SAN ANGELO, Texas Lawyers representing a group of FLDS mothers caught up in the raid on the YFZ Ranch are headed back to court in an attempt to force child welfare authorities to hand over evidence of child abuse and neglect.
They say evidence has not been shared with lawyers representing parents and children from the Fundamentalist LDS Church ever since the judge overseeing the massive custody case issued a July 24 order suspending discovery.
It was done after a request by Texas Child Protective Services, which said no plan was ever created by the courts to provide discovery to numerous lawyers representing children in the case.
"Although the investigations have not been completed, and the Department has not yet reached a conclusion with respect to all the alleged abuse and neglect of the more than 400 children involved in these cases, numerous parties propounded interrogatories and other discovery requests," CPS lawyer Charles Childress wrote in a motion filed July 24.
"Efforts to reach agreements on the timing and content of discovery have been unsuccessful, and resources that would otherwise be available to resolve legal issues relating to the children have been devoted to dealing with discovery requests and resulting disputes."
The judge signed the order suspending discovery until a proper plan could be put in place. Lawyers representing some of the mothers and children claim they were blindsided.
"The judge went ahead and granted their request so CPS wasn't held to any sort of deadline or requirement," said Cynthia Martinez with the Texas RioGrande Legal Aid Society. "Our argument is that shouldn't have happened."
On Sept. 4, the legal aid attorneys have a hearing to ask the judge to set aside the order.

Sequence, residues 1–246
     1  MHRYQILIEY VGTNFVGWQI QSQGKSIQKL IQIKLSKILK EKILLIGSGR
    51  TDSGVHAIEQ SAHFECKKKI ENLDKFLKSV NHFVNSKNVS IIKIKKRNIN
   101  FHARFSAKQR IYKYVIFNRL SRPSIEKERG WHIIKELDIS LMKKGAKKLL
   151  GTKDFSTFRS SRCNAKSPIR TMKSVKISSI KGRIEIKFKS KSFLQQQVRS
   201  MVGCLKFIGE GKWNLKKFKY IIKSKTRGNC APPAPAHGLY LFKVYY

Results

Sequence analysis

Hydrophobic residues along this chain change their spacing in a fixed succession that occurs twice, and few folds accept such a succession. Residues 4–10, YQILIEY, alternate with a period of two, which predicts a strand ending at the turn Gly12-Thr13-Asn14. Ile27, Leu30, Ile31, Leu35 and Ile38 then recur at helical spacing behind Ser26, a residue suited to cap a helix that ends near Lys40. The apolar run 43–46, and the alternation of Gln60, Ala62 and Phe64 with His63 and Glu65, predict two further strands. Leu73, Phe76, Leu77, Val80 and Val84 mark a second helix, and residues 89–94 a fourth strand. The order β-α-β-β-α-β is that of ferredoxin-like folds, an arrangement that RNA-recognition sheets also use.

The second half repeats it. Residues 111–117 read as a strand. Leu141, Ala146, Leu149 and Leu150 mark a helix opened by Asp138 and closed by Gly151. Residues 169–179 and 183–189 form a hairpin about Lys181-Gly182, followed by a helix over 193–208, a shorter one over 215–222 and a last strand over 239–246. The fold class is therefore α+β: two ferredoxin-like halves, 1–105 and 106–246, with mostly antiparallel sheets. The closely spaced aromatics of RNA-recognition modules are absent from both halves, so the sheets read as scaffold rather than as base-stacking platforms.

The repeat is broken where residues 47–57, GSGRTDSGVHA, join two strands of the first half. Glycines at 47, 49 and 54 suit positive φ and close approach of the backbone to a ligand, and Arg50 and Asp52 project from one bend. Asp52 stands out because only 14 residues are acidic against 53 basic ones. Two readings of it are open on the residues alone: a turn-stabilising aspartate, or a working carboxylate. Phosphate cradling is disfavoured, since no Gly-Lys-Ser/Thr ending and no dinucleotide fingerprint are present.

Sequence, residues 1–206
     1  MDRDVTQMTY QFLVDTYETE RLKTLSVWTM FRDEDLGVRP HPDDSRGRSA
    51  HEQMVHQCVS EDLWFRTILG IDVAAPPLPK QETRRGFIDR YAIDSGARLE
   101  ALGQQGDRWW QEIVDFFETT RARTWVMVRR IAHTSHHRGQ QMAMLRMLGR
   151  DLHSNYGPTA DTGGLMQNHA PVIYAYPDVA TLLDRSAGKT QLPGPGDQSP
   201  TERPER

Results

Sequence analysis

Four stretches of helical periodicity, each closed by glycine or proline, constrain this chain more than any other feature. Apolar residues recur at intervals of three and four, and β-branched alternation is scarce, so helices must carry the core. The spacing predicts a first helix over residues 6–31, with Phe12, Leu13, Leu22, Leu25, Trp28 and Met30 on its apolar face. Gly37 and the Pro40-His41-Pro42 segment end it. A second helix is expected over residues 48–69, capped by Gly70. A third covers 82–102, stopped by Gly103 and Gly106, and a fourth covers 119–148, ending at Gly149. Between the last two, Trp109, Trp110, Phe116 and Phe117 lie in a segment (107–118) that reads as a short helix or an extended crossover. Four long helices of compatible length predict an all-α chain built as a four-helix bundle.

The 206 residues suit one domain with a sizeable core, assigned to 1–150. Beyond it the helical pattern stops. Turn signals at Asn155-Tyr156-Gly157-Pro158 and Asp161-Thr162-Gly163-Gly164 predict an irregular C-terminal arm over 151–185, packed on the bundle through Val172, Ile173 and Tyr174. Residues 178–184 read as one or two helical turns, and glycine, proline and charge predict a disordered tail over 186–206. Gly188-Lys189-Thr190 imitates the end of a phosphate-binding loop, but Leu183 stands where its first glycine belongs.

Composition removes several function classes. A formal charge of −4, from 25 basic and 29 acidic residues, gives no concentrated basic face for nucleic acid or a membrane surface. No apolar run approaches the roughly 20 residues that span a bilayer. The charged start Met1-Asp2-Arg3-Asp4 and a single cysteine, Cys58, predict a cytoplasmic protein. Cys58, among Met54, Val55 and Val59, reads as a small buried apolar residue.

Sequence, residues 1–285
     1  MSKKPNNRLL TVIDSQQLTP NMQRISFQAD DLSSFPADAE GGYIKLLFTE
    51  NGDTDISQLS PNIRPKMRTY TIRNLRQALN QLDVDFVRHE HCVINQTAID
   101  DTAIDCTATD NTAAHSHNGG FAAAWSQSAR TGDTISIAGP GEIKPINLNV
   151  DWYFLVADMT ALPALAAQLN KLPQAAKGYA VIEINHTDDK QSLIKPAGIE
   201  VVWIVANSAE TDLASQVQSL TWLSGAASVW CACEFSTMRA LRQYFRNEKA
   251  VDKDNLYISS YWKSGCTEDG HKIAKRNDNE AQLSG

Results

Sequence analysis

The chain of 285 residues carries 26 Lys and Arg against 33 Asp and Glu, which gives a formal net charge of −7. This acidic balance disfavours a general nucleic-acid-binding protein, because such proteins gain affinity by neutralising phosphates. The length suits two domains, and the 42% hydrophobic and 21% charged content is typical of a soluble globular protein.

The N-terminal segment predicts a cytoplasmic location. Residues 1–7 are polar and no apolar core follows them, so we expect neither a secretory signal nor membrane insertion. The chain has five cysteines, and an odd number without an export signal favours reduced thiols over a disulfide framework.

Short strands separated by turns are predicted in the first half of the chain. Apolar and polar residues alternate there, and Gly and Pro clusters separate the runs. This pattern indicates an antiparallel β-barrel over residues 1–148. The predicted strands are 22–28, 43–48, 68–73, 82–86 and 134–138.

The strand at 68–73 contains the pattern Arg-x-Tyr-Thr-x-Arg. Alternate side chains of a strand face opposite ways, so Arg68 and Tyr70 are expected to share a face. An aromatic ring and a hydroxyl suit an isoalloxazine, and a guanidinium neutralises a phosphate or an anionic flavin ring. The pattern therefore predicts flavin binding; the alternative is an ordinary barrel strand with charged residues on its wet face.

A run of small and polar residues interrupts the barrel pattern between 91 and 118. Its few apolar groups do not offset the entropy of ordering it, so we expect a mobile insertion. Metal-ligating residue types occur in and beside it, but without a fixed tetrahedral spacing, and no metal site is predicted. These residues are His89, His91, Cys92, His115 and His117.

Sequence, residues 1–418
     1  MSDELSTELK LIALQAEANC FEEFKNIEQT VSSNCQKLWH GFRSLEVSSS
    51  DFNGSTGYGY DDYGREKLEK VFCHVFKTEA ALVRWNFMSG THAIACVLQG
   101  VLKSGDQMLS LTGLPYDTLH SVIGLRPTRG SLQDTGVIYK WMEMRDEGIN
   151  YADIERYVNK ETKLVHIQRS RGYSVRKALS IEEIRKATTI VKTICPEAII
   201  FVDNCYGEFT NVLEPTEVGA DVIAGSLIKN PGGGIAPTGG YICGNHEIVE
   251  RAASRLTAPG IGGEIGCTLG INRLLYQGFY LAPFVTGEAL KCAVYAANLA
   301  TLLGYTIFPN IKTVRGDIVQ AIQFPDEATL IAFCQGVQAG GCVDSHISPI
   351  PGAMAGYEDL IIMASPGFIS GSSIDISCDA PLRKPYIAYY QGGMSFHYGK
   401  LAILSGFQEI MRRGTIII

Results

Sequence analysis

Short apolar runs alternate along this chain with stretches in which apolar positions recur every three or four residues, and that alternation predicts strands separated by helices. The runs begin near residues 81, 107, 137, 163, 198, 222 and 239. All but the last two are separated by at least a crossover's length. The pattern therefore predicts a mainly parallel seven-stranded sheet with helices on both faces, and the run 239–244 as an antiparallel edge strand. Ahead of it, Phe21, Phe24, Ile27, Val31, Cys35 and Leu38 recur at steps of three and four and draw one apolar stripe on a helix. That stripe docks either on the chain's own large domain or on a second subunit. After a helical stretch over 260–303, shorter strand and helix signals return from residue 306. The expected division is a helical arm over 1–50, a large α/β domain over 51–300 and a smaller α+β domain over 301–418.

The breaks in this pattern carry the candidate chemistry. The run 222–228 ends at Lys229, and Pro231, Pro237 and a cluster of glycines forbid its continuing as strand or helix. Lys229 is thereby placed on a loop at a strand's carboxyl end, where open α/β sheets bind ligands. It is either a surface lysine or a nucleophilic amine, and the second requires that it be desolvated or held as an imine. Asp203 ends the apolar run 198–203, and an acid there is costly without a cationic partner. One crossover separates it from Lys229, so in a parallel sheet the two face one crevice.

TRLA said it requested evidence, just like the dozens of other attorneys representing parents and children in the FLDS custody case. Because CPS was so swamped, the agency was given a deadline extension.
In court papers, TRLA lawyer Julie Balovich accused CPS lawyers of having improper communication with the judge and not giving her a chance to argue against it.
"A copy of the motion was not provided to the undersigned attorney until the day AFTER the Department obtained an ex parte order from the court," she wrote.
TRLA has since drafted its own discovery control plan, as have other attorneys. Susan Hays, a Dallas lawyer representing a 2-year-old girl, urged better communication on all sides.
"All fail to require productive communication for the vast majority of cases," she wrote in a letter to the judge.
Childress, who was just appointed to oversee the YFZ case, said in an Aug. 18 letter to the court and attorneys in the case that CPS is not trying to deny discovery to anyone. He noted that Texas evidence rules make reference to discovery being used to drive up the costs of litigation or to stall a case.
"In a case with more than 140 mothers and 400 children, all of whom have lawyers, we maintain, and hope to show at the hearing on Sept. 4, that formal discovery ... is virtually impossible," he wrote.
Hundreds of children were taken into state custody during the April raid on the FLDS Church's YFZ Ranch in nearby Eldorado amid allegations of child abuse involving members of the Utah-based polygamous sect. The 440 children were subsequently returned after a pair of Texas courts ruled the state acted improperly and that there was no imminent danger.
Child welfare and criminal investigations continue. Most recently, CPS has filed "nonsuits," seeking to end court supervision for approximately 176 children for various reasons. A 14-year-old girl was placed in foster care last week after Judge Barbara Walther ruled her mother was unable to protect her from abuse. The girl is believed to have been married at age 12 to FLDS leader Warren Jeffs.
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